dynamic load, Fdyn, which is the sum of the tangential force F t and incremental force
Fi. The reasons behind the incremental force Fi are the following.
1. Inaccuracies of the tooth profile.
2. Error in tooth spacing resulting in excessive backlash
3. elastic deformation of a tooth under load, affecting kinematic perfection
4. inertial of the rotating masses
5. Misalignment between bearings supporting gears.
Buckingham had found that the maximum effect of the above factors occurs when
the contact is transferred from one pair to the next pair of teeth. According to him,
the dynamic load Fdyn is given by
Fdyn = Ft + Fi
The increment force Fi for average conditions may be found from the following
equation
k 3v cb Ft
Fi
K 3v cb Ft
where

## c is the dynamic load factor

K 1 1/ E1 1/ E 2
e is the profile error in action between gears (refer Table 12.5 and 12.6)
K1 = constant = 9 for 20o full depth teeth
K3 = 20.67, a constant.
Further it is suggested that for satisfactory design of the gear under dynamic load
conditions, the dynamic load should be equal to endurance strength Fen.
Endurance strength is computed form the modified Lewis equation as
Fen = Fdyn X FoS = bmenY
Where
en is the endurance limit (=1.75 BHN)
BHN is the Core Brinel hardness number
WEAR STRENGTH

Due to rolling and sliding actions of the gear teeth, the following types of surface
destructions (wear) may occur:
Abrasive wear. Scratching of the tooth surface due to the presence of foreign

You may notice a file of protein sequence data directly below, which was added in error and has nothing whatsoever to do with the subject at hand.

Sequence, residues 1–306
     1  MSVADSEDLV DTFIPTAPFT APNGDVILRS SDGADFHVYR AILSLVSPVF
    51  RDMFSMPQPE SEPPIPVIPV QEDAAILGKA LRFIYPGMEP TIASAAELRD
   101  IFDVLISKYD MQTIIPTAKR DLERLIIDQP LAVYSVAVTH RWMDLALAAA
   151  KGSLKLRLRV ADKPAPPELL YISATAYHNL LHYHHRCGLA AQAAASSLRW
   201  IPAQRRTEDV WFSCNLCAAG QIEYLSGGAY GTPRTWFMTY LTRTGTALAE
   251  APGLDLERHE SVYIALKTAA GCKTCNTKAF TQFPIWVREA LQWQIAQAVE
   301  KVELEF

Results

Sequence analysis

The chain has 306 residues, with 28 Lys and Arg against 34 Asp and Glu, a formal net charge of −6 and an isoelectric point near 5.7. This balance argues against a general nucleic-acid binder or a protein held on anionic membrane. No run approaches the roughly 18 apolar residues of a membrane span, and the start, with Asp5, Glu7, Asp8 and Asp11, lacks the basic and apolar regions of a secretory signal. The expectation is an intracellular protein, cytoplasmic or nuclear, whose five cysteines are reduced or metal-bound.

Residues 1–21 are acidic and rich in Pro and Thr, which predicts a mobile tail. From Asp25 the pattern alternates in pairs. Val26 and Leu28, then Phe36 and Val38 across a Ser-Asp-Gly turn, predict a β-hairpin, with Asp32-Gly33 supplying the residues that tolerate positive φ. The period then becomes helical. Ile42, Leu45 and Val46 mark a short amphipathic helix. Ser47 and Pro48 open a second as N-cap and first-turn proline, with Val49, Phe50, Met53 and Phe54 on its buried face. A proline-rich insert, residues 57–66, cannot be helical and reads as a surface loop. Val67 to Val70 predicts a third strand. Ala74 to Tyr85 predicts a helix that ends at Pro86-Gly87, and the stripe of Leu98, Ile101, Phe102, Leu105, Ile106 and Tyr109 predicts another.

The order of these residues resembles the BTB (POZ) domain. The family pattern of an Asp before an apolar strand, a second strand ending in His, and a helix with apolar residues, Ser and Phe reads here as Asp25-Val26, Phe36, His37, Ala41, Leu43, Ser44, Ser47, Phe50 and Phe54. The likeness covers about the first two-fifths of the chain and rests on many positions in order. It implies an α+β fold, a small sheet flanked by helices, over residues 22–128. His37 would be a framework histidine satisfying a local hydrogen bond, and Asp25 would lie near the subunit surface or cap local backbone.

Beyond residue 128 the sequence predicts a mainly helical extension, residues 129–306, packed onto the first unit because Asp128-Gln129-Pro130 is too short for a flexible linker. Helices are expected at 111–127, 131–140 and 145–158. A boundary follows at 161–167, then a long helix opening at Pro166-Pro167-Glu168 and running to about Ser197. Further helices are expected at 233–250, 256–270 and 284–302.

materials in the lubricant is called abrasive wear.
Corrosive wear. Chemical reactions on the surface of a gear cause corrosive wear.
Pitting. Repeated application of the stress cycle, known as pitting, cause fatigue
failure.
Scoring. Inadequate lubrication between metal-to metal contact cause scoring.
It is observed from the results of various experiments that abrasion, corrosive, the
scoring are caused by improper lubrication, whereas pitting usually occurs because
of repeated application of Hertz contact stress on the portion of a gear tooth which
has relatively little sliding motion compared to rolling motion. Clearly, the spur gear
will have pitting near the pitch lien where motion is almost all of rolling.
In designing a gear against wear, the material should be able to resist the repeated
contact stresses. In order to obtain a formula for actual surface stress that exists
between tow mating gear teeth, the Hertz equation for contact stress between two
cylinders in rolling contact is used (figure 12.8)
In order to apply the Hertz contact stress equation to spur gears, the force F is
replaced by the allowable wear load F wear, radii r1 and r2 are considered as pitch radii
of pinion and gear and contact stress is replaced by the allowable surface endurance
limit es.
The limiting wear load equation for spur gear pairs is given as
Fwear = d1bQK
Where
Q is the ratio factor (=2Z2/(Z1+Z2)
es2 sin 1
1

K is the load stress factor

1.4 E1 E 2

For steel gears the surface endurance limit may be calculated by the following
formula
es = (2.75 BHN 70) N/mm2
Buckingham has reported that the allowable wear load as obtained by Eq. (12.16) is
clearly a normal force that must be greater than the dynamic load for satisfactory
design.